gta-lnd1The onus on developers is to build additional value into new copies, and create compelling downloadable content that can generate revenue from used game purchasers.  Microsoft Game Studios was really on to something when they packaged each new copy of Gears of War 2 with a unique, one-time-only redemption code for downloadable maps.  And GTAIV’s Lost and the Damned DLC will no doubt generate a ton of revenue for Rockstar, from both owned-it-since-launch-day die hards and used game bargain hunters that just picked it up this week.

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Early estimates from Black Friday 2008 are slowly trickling in, and it would appear that Nintendo is off to a third straight killer year for the Wii.  Impressive, considering they’re working with a sparse holiday software lineup and their only first-party offering is the tepidly received Wii Music. By all indications, Wii Fit is flying off shelves, and likely keeping the hardware a hot commodity almost by itself.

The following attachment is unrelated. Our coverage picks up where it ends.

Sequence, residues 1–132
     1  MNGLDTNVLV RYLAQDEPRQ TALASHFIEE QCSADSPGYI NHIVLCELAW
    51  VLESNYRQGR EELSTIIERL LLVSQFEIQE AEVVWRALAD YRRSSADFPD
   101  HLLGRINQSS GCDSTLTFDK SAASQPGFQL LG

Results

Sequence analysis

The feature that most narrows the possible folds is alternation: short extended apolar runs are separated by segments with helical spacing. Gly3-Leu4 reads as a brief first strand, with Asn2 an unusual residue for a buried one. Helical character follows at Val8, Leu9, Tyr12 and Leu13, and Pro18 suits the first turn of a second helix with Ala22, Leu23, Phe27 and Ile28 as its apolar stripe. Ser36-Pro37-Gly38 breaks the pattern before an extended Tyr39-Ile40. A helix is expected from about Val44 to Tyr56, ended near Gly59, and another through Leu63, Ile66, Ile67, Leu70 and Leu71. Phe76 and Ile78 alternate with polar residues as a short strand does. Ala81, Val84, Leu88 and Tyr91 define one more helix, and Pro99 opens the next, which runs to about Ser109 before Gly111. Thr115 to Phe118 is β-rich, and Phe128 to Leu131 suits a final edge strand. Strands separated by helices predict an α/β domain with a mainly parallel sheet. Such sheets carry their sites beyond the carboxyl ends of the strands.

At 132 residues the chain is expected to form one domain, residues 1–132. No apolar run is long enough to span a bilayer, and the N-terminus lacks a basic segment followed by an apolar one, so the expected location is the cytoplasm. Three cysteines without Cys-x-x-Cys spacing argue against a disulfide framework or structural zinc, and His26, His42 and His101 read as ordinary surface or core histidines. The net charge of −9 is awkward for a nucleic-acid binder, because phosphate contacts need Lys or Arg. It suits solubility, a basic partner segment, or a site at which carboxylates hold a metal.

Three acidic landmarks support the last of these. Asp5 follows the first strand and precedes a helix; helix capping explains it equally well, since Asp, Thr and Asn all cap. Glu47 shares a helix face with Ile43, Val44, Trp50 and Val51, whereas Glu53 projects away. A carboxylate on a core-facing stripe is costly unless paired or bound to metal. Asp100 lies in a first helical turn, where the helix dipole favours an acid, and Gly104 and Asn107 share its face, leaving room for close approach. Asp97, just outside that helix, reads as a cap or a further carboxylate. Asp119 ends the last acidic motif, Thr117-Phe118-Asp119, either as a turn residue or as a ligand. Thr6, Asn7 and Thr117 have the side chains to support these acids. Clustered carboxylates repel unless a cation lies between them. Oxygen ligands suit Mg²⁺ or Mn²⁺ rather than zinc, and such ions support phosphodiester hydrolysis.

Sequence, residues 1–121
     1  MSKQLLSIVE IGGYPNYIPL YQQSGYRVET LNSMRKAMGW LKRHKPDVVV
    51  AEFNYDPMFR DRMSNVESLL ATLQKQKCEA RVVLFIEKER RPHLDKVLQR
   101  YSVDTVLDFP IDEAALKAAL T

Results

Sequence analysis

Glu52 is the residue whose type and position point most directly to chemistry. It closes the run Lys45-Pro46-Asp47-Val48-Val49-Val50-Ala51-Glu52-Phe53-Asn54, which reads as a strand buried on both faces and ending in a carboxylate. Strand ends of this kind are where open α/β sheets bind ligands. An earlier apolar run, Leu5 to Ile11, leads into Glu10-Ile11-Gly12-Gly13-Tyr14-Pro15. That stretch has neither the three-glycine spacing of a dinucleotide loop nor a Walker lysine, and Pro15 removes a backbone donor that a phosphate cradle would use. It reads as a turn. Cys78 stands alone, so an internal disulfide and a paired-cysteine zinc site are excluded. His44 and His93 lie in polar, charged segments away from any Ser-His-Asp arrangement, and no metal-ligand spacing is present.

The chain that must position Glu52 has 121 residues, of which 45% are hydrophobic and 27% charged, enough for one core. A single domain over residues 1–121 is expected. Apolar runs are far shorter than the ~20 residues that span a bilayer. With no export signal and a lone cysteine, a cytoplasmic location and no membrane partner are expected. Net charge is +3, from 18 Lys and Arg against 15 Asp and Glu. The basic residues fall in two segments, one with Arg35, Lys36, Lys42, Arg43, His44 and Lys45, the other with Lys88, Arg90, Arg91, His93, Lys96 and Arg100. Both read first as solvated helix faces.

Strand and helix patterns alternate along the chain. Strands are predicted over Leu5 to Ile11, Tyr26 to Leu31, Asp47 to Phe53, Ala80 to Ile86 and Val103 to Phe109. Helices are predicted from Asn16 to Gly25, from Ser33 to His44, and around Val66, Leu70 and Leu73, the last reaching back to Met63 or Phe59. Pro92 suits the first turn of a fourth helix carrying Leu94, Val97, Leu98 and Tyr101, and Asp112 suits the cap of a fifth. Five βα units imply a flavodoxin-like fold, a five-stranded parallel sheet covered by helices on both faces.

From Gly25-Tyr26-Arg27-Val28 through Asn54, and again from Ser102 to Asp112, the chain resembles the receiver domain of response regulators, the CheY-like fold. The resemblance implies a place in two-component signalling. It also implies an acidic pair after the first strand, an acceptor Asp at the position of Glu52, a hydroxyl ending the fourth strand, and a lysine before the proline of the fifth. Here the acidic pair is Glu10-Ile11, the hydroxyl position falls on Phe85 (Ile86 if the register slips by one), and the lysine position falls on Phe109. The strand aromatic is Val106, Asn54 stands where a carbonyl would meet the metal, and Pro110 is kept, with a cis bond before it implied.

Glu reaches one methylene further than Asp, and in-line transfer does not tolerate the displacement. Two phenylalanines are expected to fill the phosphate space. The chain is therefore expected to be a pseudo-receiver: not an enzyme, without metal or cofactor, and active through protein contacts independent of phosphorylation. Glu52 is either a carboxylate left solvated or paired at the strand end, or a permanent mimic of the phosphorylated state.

This really demonstrates Nintendo’s Blue Ocean strategy working well.  Wii Fit launched nearly seven months ago.  Under normal circumstances, it would be rocking the discount bin this Christmas with a sequel on the way.  But that’s just it: hardcore gamers that would run out to get a game on launch day aren’t fueling the Wii’s swollen installed base, and they certainly aren’t the target audience for Wii Fit.

Microsoft had a good weekend as well, handily outselling the PS3 and last year’s Xbox 360 number.  Sony’s no doubt up on year-over-year sales, but I can’t help wondering how their numbers would have looked if they had put out a LittleBigPlanet bundle in the US, like they did in the UKLBP is getting some decent ad support now, and Sackboy appeals to a family that could really only afford to spend $400 on a box if it’s going to keep their entire family entertained for the better part of this year.  As much as I love Metal Gear Solid 4, I just don’t think Snake has the same appeal to that audience.